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Great White-Haired Hope of Liberals

Phil Donahue is not losing out to his rivals because of his politics. It's the inane theatrics of talk show television that is hurting this progressive
 
 
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When Phil Donahue, the 66-year-old pioneer of talk-show television, landed a spot on MSNBC's prime time lineup, many left-leaning viewers rejoiced.

Donahue is a self-professed liberal with opinions decidedly to the left of most talk-show hosts.

Because of the dearth of left-wing voices, progressive viewers fondly anticipated Donahue's well-hyped July debut on MSNBC.

Don Hazen, the executive editor of the progressive Web site AlterNet.org, even urged readers to "vote with your remote," for "Donahue." "We'll be giving the message to TV executives that there is an audience for unconventional television programming with a decidedly progressive edge that is beyond what they imagine," he wrote.

What's more, Jeff Cohen, founder and executive director of the left-leaning media watchdog group Fairness and Accuracy in Reporting, was hired as a senior producer for "Donahue." Cohen, who also was a regular panelist on Fox News Channel's "Fox News Watch," is well-known in progressive circles as an astute media critic.

According to an Aug. 19 article in The New York Times, "Donahue" received the most promotion the channel has ever devoted to any program. Thus it seemed clear the corporate forces running MSNBC had nothing against Donahue's progressive tilt -- as long as he pulled the viewers.

Donahue's show competes against CNN's "Connie Chung Tonight" and Fox News Channel's "The O'Reilly Factor" with Bill O'Reilly, the ratings leader by far. CNN is seeking to establish itself as a non-ideological purveyor of pure news, while Fox News Channel has adopted a broadcast style that clearly hews to the right.

According to a 2001 report by the Fairness and Accuracy in Reporting organization, "Fox has become a central hub of the conservative movement's well-oiled media machine."

Many progressives are hoping "Donahue" might serve a similar purpose for those on the left.

Unfortunately, Donahue's early showing has not been encouraging.

Although his well-promoted opening week was fairly strong with a daily average of about 660,000 viewers, the number of viewers dropped steadily in the weeks following. "Four weeks after his debut, Donahue has lost 40 percent of his audience," noted the Times' story. "Bill O'Reilly, whose Fox News show is the most-watched on any cable network, handily beat both Mr. Donahue and Ms. Chung's shows combined."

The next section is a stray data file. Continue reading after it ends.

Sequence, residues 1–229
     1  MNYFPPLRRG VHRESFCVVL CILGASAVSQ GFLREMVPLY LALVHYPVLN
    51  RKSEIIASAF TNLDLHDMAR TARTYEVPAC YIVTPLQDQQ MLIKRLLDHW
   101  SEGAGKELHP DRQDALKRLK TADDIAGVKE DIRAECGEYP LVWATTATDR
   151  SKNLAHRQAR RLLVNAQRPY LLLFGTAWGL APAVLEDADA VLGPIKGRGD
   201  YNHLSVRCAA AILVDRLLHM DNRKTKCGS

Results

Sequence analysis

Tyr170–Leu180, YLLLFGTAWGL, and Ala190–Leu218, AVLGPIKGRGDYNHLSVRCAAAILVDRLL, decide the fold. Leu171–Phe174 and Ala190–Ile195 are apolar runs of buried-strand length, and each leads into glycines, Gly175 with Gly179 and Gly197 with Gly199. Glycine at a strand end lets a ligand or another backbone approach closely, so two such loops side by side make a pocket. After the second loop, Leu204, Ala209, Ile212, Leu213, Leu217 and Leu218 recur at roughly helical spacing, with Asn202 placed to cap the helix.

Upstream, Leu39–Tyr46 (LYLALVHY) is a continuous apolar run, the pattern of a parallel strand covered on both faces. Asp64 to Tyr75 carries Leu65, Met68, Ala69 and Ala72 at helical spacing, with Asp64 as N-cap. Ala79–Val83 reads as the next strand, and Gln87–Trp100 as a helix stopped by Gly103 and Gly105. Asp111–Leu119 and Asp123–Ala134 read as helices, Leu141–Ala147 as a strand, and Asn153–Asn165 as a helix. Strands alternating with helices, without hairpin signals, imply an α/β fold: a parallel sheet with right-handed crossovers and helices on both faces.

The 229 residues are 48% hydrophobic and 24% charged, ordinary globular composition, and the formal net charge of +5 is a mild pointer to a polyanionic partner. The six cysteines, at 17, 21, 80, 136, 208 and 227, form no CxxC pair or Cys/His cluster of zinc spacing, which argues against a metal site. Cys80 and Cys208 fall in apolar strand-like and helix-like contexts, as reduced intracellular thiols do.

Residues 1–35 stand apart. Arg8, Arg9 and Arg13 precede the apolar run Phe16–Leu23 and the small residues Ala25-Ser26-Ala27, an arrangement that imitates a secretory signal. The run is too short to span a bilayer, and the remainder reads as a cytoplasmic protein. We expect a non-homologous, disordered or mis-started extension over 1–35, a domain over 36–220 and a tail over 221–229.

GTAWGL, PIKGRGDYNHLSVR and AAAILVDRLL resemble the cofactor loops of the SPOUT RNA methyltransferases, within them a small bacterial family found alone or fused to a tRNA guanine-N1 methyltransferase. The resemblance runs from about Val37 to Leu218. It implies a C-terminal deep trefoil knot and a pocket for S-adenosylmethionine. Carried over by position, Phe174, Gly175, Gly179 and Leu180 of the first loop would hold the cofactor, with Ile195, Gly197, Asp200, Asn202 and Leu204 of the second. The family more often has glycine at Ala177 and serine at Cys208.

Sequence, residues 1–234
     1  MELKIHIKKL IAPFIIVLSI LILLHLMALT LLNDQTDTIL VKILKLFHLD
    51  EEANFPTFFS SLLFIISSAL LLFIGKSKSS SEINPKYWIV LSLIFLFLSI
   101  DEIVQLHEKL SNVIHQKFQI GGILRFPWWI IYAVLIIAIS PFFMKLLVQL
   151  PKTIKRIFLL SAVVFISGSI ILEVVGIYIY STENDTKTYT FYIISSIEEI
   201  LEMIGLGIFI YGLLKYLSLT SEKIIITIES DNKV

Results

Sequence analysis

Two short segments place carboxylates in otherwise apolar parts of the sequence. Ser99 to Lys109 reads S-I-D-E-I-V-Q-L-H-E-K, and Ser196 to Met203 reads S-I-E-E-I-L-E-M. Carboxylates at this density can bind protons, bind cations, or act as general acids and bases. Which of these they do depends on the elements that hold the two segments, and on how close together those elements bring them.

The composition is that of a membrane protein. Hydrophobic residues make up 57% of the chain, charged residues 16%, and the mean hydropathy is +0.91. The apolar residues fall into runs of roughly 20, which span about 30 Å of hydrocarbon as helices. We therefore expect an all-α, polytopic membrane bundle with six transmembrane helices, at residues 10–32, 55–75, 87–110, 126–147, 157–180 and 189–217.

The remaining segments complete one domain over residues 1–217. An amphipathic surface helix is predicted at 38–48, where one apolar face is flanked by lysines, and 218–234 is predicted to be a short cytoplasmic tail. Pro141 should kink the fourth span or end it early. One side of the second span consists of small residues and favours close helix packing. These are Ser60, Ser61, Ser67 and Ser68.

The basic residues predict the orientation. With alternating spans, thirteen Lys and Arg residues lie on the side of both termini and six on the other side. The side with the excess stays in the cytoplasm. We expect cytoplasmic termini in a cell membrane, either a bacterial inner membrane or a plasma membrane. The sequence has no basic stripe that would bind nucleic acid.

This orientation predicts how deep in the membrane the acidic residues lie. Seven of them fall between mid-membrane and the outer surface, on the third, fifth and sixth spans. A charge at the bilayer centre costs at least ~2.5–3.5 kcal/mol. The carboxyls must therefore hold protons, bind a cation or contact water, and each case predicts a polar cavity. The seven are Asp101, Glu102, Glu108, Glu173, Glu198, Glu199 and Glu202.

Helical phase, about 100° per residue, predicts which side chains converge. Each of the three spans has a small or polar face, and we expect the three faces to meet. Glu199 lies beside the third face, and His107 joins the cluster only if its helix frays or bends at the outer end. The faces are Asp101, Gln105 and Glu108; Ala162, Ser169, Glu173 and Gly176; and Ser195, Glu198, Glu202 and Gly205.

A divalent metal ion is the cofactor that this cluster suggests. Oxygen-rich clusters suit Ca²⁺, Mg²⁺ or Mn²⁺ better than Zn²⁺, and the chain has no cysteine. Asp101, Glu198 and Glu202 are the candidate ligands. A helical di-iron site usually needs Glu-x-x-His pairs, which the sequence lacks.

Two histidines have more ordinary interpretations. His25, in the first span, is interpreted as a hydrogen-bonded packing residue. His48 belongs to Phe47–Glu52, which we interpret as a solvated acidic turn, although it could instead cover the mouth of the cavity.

If this television confrontation was seen as a kind of proxy election--and many saw it as just that -- would it be accurate to say that O'Reilly and the conservatives have won?

Well, not really. First, the competition is not being fought on an even playing field. Rupert Murdoch, a media mogul with an ideological commitment to conservative causes, owns Fox News Channel.

Roger Ailes, the American who runs the channel for Murdoch, is a pugnacious former Republican operative and a veteran of the Nixon, Reagan and Bush-the-elder campaigns.

In other words, Fox is on an ideological mission.

On the other hand, MSNBC's maneuvers are purely commercial. General Electric and Microsoft, two of America's largest corporations, own the channel.

It's unlikely that the anti-corporate messages progressives expect to emanate from "Donahue" will go down easy with people like General Electric Chairman Jeffrey Immelt, who, according to the Daily News in New York, is the primary bankroller of Donahue's $1 million-a-year salary.

Donahue is locked into a format that is intrinsically favorable to right-wingers who tend to have strong, unequivocal opinions. It is less forgiving to progressives, who often need time to debunk conventional wisdom or bust biases.

In order for "Donahue" to succeed in this venue, the show's producers will have to tweak the formula. The convention of pitting ideological antagonists against each other is good theater and good for those with conservative biases.

But that format prevents the kind of context-laden discussion designed to shed light rather than heat on a subject.

Conventional wisdom holds that nuances are bad for Nielsen ratings; that is, viewers want verbal fireworks, not sober analysis. Until Phil Donahue busts that bias, the game is rigged against him.

Salim Muwakkil is a senior editor at In These Times